But each time, when I feared the worst, I would remember the words of my news editor, Nargis Khanum. “A dead reporter is no report. I want news from you, not about you,” she would joke.
In Pakistan, and across the world, journalists were not prepared to deal with a pandemic the likes of COVID-19. In the last three months, since the first case of the infection emerged in the country, no news organization has arranged any training course to help reporters navigate through this crisis.
Providing journalists face masks, sanitizers and gloves is just not enough.
For now, taking matters into their own hands, press clubs have banned the entry of outsiders and each member is screened before he/she can enter the building. The Karachi Union of Journalists has also started to supply necessary goods as many reporters have not been paid in months.
This is uncharted territory.
Drawing from my past experience, I have a few proposals for precautions and safety guidelines journalists can take on their own and with the help of their employers in newsrooms to protect themselves:
- Reporters should not be sent to a place where there is a big crowd unless they are properly covered. Discourage live beepers from crowded places or markets. Once done reporting, the journalist should be asked to return immediately to office and should carry soap, sanitizers or disinfectant sprays at all times.
- Those working at the office should be seated at a reasonable distance. They should be encouraged to wash their hands every hour and keep their work-stations clean.
- Reporters, avoid unnecessary press conferences. It would be better if health and government officials hold virtual press conferences instead of live ones.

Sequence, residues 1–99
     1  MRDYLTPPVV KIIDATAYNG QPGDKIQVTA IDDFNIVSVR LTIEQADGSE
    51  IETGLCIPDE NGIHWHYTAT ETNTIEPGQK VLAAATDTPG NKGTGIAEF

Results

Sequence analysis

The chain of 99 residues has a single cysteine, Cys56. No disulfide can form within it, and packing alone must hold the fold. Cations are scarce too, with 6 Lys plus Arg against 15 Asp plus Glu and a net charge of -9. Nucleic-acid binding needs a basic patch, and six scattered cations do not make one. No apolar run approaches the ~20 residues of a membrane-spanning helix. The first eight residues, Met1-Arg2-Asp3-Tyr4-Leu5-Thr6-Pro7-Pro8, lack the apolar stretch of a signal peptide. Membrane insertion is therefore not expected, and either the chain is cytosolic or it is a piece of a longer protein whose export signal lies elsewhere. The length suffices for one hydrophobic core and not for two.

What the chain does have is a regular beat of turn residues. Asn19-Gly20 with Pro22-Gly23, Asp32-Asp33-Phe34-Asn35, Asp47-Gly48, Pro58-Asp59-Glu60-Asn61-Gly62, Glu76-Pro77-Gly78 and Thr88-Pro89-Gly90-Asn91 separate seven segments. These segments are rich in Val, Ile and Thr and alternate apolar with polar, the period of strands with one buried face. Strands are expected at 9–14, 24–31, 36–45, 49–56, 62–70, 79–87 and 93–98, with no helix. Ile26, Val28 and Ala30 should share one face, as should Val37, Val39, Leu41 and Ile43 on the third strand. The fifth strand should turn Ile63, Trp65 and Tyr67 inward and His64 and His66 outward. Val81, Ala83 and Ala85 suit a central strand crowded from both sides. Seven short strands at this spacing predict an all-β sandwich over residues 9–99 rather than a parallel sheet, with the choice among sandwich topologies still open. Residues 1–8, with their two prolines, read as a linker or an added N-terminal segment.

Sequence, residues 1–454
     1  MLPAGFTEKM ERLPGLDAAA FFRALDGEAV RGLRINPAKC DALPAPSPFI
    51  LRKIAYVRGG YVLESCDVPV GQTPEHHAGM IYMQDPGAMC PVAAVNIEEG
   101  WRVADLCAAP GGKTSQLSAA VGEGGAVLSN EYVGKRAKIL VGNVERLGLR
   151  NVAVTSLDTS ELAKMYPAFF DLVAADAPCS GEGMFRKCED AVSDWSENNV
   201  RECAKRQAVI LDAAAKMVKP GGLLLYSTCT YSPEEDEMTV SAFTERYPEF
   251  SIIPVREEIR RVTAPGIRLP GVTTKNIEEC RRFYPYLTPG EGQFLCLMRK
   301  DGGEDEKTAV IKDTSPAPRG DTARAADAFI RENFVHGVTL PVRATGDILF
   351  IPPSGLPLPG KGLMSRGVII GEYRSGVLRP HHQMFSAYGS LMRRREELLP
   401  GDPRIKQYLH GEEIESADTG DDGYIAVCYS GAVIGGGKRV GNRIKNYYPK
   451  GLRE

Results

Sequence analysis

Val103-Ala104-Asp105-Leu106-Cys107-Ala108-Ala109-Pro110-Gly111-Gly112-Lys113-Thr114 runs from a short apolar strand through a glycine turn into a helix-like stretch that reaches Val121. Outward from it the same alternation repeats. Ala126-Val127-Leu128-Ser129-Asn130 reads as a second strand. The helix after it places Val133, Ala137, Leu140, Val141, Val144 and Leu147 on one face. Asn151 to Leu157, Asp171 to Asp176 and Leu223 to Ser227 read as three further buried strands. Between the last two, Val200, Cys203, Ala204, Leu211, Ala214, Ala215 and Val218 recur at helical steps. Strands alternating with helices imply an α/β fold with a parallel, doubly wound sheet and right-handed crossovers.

- All reporters and camerapersons should be stopped from reporting from inside a hospital
- Talk show hosts should ensure that all guests are screened at the entrance.
- Cafeterias at news organizations should either be closed or they should limit the number of people allowed to sit inside.
- All media houses must announce special 'Corona Life Insurance' plans for their employees and take responsibility for the employee’s immediate family in case anyone tests positive.
- In this hour of need, the government must pay all outstanding dues of media houses and instruct media owners to pay employees on time.
- Now is the time to provide complete medical cover to employees.
- All reporters, camerapersons and other staffers should get more than one day off in a week. On the other hand, press clubs and unions should set up a 'Journalists/Employees Safety Fund' and those getting over Rs100,000 salary must contribute at least Rs 10,000 each, if not more, to the fund.
Let’s not forget that Pakistan is among the five most dangerous countries for reporting. Still, journalists continue to work day in and day out without safety measures and medical insurance. Who is responsible? The Media houses.
It is high time we wake up and protect the men and women serving the country.
Abbas is a senior columnist and analyst of GEO, The News and Jang. He tweets @MazharAbbasGEO